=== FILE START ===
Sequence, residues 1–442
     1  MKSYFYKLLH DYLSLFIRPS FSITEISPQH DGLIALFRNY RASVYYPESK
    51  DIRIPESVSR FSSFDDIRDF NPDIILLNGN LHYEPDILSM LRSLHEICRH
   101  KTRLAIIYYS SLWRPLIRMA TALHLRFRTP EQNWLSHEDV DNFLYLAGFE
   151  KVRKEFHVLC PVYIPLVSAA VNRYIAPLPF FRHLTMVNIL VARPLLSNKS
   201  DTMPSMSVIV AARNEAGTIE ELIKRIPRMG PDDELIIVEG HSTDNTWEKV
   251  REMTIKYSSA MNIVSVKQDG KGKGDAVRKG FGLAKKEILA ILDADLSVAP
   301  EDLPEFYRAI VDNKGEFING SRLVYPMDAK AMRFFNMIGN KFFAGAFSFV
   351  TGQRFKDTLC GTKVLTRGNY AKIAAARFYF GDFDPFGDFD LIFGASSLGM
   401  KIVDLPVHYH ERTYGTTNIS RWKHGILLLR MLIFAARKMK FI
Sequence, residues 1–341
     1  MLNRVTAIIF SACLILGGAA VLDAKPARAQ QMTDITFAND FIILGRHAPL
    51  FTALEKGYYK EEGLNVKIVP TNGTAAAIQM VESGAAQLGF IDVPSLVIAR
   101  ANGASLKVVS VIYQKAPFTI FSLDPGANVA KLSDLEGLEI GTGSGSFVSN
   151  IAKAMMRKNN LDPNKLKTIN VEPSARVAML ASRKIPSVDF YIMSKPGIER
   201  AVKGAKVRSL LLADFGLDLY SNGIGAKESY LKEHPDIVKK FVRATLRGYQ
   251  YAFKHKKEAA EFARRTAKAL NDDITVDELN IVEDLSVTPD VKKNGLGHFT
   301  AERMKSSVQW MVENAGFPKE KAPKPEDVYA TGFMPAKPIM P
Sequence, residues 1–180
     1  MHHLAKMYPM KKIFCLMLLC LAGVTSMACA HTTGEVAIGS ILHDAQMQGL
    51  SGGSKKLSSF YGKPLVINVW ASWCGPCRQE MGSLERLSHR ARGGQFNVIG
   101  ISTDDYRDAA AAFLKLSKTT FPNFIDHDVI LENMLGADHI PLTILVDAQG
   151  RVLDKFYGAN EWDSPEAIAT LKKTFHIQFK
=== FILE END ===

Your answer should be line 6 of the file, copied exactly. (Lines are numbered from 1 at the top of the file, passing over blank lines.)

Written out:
   201  DTMPSMSVIV AARNEAGTIE ELIKRIPRMG PDDELIIVEG HSTDNTWEKV